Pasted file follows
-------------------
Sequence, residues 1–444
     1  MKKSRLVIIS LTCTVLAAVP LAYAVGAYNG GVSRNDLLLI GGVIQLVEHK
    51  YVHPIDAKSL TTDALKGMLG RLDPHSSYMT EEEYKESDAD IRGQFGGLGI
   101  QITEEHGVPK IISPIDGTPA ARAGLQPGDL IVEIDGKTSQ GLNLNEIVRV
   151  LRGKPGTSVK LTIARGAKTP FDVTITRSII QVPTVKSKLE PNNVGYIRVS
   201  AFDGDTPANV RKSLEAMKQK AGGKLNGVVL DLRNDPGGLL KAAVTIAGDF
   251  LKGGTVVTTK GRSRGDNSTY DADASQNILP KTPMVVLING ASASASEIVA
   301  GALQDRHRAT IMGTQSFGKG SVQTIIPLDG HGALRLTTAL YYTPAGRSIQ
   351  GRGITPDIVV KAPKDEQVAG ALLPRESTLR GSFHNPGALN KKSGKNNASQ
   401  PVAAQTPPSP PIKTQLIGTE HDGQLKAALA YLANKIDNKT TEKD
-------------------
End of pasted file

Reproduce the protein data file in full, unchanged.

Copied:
Sequence, residues 1–444
     1  MKKSRLVIIS LTCTVLAAVP LAYAVGAYNG GVSRNDLLLI GGVIQLVEHK
    51  YVHPIDAKSL TTDALKGMLG RLDPHSSYMT EEEYKESDAD IRGQFGGLGI
   101  QITEEHGVPK IISPIDGTPA ARAGLQPGDL IVEIDGKTSQ GLNLNEIVRV
   151  LRGKPGTSVK LTIARGAKTP FDVTITRSII QVPTVKSKLE PNNVGYIRVS
   201  AFDGDTPANV RKSLEAMKQK AGGKLNGVVL DLRNDPGGLL KAAVTIAGDF
   251  LKGGTVVTTK GRSRGDNSTY DADASQNILP KTPMVVLING ASASASEIVA
   301  GALQDRHRAT IMGTQSFGKG SVQTIIPLDG HGALRLTTAL YYTPAGRSIQ
   351  GRGITPDIVV KAPKDEQVAG ALLPRESTLR GSFHNPGALN KKSGKNNASQ
   401  PVAAQTPPSP PIKTQLIGTE HDGQLKAALA YLANKIDNKT TEKD